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Tower Trade is a paper adaptation to the traditionally wooden Towers of Hanoi puzzle. In the classic version, a wooden base supports three equally spaced dowels, usually aligned in a row, although the earliest version of this puzzle is reputed to have had the dowels arranged in an equilateral triangle. Six – this number varies — circular disks of differing diameters are stacked on one of the three posts. The disks are arranged by size with the largest diameter one on the bottom and the smallest one on top. The challenge in the puzzle is to transfer all six disks to another post while following two rules:

• only one disk may be moved at a time and
• a larger diameter disk may never be placed on top of a smaller diameter one.

While this is a difficult task, most people can do it if they are persistent. The real challenges when working with the Towers of Hanoi are learning its patterns and finding a way to transfer all the disks in the minimum number of moves.

The best way to work with the Towers of Hanoi is to have a wooden version of this puzzle for every student. My wife did this by having her father, a retired educator who enjoys woodworking, build 33 of the puzzles for her class. He made them quite inexpensively out of particle board. Richard Thiessen, AIMS President and our resident woodworking expert, makes his towers out of medium density fiberboard (MDF). MDF, which is used to make cabinets, is readily available and is only slightly more expensive than particle board. MDF has a couple of great advantages over particle board – it saws cleanly and it doesn’t leave the rough edges the particle board does. To make the construction process much faster and easier, both Richard and my father-in-law cut square, rather than circular, disks. If your local high school has a woodshop, it might be worth seeing if you can get a class set of the puzzles made for you. (See * at the end of this post for the dimensions to Richard Thiessen’s version of the Towers of Hanoi.)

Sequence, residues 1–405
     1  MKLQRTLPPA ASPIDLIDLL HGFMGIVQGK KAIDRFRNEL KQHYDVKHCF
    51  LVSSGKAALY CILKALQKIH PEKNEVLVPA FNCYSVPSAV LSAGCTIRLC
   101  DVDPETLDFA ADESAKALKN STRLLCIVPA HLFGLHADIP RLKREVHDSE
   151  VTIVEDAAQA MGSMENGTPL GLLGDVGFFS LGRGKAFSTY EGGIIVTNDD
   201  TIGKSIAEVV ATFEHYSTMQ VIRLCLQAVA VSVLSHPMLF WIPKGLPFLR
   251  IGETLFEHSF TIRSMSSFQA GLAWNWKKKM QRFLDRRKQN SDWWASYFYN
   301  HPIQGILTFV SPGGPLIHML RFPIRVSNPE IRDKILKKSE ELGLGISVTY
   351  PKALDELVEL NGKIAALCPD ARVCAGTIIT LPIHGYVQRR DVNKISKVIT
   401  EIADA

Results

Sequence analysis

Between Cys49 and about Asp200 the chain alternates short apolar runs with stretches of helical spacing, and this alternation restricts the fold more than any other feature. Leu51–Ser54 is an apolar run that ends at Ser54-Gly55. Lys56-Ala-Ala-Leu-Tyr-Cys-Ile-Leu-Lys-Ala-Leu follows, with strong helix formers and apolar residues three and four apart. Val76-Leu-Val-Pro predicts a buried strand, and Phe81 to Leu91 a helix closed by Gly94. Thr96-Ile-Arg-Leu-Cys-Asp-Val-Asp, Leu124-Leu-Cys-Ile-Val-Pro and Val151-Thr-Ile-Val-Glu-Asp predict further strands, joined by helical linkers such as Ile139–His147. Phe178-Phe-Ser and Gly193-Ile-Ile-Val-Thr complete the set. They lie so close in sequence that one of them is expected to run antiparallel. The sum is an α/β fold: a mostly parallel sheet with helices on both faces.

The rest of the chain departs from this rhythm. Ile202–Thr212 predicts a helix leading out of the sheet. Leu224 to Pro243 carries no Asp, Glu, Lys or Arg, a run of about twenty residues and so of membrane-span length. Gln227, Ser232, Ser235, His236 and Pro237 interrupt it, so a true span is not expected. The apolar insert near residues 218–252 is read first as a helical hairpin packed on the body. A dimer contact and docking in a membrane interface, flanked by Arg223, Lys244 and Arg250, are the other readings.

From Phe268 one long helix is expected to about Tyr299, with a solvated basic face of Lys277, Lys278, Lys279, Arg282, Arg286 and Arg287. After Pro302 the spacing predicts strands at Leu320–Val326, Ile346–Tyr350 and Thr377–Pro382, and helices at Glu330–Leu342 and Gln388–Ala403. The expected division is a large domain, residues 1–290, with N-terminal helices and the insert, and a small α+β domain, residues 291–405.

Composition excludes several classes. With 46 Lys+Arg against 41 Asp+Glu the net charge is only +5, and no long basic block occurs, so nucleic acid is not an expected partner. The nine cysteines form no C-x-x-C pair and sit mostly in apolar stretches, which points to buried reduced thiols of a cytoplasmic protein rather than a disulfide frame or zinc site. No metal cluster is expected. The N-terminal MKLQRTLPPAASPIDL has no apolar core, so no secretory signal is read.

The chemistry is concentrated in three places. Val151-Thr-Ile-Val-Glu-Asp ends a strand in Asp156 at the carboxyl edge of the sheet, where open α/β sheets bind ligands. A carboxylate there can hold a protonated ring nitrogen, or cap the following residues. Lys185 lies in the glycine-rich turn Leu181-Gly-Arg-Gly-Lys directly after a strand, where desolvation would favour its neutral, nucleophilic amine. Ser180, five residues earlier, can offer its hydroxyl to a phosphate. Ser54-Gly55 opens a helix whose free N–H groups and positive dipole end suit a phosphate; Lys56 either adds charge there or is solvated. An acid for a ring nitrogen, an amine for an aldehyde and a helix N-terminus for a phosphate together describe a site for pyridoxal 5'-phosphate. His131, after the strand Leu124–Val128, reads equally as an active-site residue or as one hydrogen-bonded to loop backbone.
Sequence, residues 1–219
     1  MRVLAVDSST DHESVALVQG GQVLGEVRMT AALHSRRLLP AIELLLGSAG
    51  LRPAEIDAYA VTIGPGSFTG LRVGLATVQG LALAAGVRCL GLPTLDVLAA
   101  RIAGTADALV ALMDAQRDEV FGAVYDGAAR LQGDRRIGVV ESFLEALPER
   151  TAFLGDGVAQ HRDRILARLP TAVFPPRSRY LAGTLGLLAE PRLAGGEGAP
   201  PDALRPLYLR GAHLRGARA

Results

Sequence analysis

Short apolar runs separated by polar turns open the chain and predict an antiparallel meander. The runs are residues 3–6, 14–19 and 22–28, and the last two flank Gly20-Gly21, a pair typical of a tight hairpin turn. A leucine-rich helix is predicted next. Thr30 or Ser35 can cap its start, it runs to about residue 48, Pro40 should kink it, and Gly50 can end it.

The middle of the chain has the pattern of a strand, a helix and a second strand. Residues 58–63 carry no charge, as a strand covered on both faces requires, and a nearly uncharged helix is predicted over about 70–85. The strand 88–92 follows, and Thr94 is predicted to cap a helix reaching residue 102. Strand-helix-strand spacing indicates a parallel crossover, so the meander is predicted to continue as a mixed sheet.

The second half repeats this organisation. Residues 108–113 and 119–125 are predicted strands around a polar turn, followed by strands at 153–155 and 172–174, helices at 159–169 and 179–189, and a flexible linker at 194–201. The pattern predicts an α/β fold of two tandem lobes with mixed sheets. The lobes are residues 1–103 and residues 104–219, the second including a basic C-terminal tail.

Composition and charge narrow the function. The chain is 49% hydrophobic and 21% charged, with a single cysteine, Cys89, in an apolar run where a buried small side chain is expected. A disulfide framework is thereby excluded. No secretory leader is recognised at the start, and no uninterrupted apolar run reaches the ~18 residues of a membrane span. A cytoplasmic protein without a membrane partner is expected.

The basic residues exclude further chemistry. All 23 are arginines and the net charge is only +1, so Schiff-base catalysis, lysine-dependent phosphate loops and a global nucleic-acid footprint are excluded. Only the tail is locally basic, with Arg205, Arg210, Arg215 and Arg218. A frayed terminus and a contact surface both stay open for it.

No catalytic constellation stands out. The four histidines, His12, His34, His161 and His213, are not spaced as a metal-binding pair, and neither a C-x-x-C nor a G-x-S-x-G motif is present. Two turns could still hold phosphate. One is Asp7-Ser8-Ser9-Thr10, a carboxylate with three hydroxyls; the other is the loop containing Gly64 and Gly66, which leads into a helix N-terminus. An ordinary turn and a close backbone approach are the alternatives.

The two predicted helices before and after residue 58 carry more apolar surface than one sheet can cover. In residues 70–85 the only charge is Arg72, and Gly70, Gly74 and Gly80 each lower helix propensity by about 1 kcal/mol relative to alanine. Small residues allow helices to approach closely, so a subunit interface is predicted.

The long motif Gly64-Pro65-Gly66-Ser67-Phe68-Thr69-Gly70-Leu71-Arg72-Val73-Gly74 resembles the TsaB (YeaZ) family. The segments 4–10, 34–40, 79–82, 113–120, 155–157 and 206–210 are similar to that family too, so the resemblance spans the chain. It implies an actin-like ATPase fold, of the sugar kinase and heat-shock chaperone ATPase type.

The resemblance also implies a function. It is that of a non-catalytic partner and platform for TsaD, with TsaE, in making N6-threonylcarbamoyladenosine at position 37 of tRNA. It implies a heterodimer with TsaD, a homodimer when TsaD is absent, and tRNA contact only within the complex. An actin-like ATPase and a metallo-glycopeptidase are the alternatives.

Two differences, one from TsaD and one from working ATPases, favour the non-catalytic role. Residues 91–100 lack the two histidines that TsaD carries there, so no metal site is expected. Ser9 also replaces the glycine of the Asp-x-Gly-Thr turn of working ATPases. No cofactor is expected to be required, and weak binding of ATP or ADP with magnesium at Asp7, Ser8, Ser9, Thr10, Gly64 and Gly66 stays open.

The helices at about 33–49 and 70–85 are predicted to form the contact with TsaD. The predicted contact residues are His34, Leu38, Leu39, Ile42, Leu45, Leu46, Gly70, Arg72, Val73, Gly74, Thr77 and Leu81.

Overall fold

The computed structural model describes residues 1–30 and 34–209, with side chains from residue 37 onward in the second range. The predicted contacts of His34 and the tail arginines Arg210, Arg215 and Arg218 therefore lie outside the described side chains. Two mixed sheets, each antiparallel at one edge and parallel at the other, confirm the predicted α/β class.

Since many of you do not have access to a woodshop, I am indebted to Richard Thiessen for the viable idea of a paper version which is presented here. Each student needs a set of six different-sized rectangles which represent the six disks viewed from the side. The second sheet (base) contains four sets of “disks” which can be copied on construction paper or tagboard and then cut out.

This puzzle can be modified for different grade levels simply by changing the number of disks. With six disks, it takes a minimum of 63 moves to transfer the tower to another post. This might be fine for older students, but too frustrating for younger ones. Four disks (15 moves) or five disks (31 moves) might be more appropriate for younger students. As mentioned earlier, every student needs to have a Towers of Hanoi puzzle. Provide lots of time for students to work with this puzzle and challenge them to transfer the disks in the fewest moves possible.

Download and copy this sheet on construction paper or tagboard. Each student will need to cut apart one set of rectangles for the Tower Trade puzzle.

Using your rectangles, build a tower on the left post as in diagram below. The largest rectangle must be on the bottom and the others stacked on top of it, ordered by size with the smallest on top.

Obtain Base Here

The challenge in this puzzle is to transfer all the rectangles to a different post while following these rules:

1. Move only one rectangle at a time.
2. A larger rectangle can never be placed on top of a smaller one.

*Base – 12 inches by 3 3/4 inches by 3 3/4 inches.
Disk – Six, ranging from 1-inch square to 3 1/2-inch square, all 1/2 inch thick.
Posts – three 3/8-inch dowels 4 inches long in holes drilled at, 2, 6, 10 inches along the center line of the base.